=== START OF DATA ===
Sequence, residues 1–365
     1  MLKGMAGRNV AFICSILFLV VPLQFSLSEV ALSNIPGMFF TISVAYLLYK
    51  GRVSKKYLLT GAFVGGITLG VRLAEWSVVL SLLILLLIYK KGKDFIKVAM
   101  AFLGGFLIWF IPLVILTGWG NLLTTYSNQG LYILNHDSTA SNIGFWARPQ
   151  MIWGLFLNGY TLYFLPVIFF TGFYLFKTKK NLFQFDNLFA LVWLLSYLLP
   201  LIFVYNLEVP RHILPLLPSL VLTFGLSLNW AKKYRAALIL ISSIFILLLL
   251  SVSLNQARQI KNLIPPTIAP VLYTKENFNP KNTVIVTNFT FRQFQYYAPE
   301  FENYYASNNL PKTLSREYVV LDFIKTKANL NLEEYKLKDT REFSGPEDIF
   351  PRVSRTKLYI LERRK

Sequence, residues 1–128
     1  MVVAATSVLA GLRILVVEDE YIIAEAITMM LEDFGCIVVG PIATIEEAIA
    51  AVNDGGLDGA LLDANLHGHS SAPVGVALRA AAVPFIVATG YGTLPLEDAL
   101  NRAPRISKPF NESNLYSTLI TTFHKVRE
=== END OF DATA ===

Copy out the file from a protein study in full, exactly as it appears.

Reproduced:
Sequence, residues 1–365
     1  MLKGMAGRNV AFICSILFLV VPLQFSLSEV ALSNIPGMFF TISVAYLLYK
    51  GRVSKKYLLT GAFVGGITLG VRLAEWSVVL SLLILLLIYK KGKDFIKVAM
   101  AFLGGFLIWF IPLVILTGWG NLLTTYSNQG LYILNHDSTA SNIGFWARPQ
   151  MIWGLFLNGY TLYFLPVIFF TGFYLFKTKK NLFQFDNLFA LVWLLSYLLP
   201  LIFVYNLEVP RHILPLLPSL VLTFGLSLNW AKKYRAALIL ISSIFILLLL
   251  SVSLNQARQI KNLIPPTIAP VLYTKENFNP KNTVIVTNFT FRQFQYYAPE
   301  FENYYASNNL PKTLSREYVV LDFIKTKANL NLEEYKLKDT REFSGPEDIF
   351  PRVSRTKLYI LERRK

Sequence, residues 1–128
     1  MVVAATSVLA GLRILVVEDE YIIAEAITMM LEDFGCIVVG PIATIEEAIA
    51  AVNDGGLDGA LLDANLHGHS SAPVGVALRA AAVPFIVATG YGTLPLEDAL
   101  NRAPRISKPF NESNLYSTLI TTFHKVRE